To walk down the streets of a major US city is to experience the impacts of decades of bad design, in streets and sidewalks, in architecture, in density and use of space. . I do not use the word design as some subjective stand-in for ‘what I like’ (though aesthetics are a valid basis for criticism); I mean design for the future, design for human beings. Our cities are designed with an overwhelming bias towards the needs of automobiles, rather than people.

What do you no longer believe? What do you now believe?
Alex Steffen in WorldChanging: Tools, Models and Ideas for Building a Bright Green Future
John Brockman has a new question: What have you changed your mind about? Why? Here are some interesting answers: LAURENCE C. SMITH. Professor of Geography, UCLA [The Impossibility of] Rapid climate change
The year 2007 marked three memorable events in climate science: Release of the Fourth Assessment Report of the Intergovernmental Panel on Climate Change ...

Intriguing Earth Architecture 39
Bradley in east coast Architecture review
Zollverein School of Design, Essen, Germany - SANAA

Cubion Office by Jackie Bertelsen
Frame Magazine
Friday, 10:31 AM
Jackie Bertelsen gave the interior of the [link=http://www.cubion.dk]Cubion[/link] office in Copenhagen a calm and creative atmosphere.  Read more…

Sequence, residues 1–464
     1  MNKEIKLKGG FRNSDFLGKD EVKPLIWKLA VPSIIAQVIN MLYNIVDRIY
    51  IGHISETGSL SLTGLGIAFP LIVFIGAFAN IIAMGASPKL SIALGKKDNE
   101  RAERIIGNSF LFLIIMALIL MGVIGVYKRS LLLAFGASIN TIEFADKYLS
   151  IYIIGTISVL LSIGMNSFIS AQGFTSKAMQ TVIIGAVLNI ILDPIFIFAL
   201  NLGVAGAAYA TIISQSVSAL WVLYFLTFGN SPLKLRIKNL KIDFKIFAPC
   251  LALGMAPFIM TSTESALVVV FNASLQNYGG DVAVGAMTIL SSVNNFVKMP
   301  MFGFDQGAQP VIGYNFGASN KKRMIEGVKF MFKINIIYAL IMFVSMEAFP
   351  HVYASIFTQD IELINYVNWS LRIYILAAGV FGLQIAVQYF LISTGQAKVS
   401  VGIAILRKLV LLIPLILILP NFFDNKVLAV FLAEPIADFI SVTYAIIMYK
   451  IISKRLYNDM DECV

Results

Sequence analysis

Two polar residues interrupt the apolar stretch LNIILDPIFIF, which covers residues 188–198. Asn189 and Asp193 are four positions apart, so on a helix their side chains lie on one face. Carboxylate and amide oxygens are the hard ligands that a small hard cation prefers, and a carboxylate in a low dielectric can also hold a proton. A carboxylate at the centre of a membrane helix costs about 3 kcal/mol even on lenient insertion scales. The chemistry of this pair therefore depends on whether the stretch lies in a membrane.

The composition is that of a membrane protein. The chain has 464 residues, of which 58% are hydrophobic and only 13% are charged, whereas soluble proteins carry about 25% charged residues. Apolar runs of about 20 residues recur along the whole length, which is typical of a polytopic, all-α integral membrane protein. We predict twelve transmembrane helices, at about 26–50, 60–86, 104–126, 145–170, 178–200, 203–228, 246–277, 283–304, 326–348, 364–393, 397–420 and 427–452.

I went to the car park because I wished to live deliberately
Geoff Manaugh in BLDGBLOG
"By the end of January," The Scotsman writes, "it's essential to be back in Edinburgh... where Nicholas Bone's intriguing performance company Magnetic North stages a version of Henry Thoreau's Walden, one of the most famous essays ever written on the idea of self-sufficiency and human harmony with nature." The set has been designed by Sans Façon. What blows me away, though, is the suggestion, in the image, above, that one could build a kind of personal retreat in the middle of an underground car park. You're fed up. You want to be alone, to spend some time getting to know your own inner tendencies, how you react to things free from the influence of others...

The [new] Rural Studio: Hale County Animal Shelter…done
architecture.MNP
I have been an admirer of the work of the Rural Studio from the time I learned about their work as a tike in school. The architecture developed within the walls of the studio incorporates a certain visual appeal while providing practicality in use. Since the programs early beginnings under the late architectural patriarch Samuel ‘Sambo’ Mockbee, the scope of the program [as well as my interest in what they do] has not diminished a bit.

PREFAB FRIDAY: ‘Watershed’ Sustainable Writer’s Retreat
Ali in Inhabitat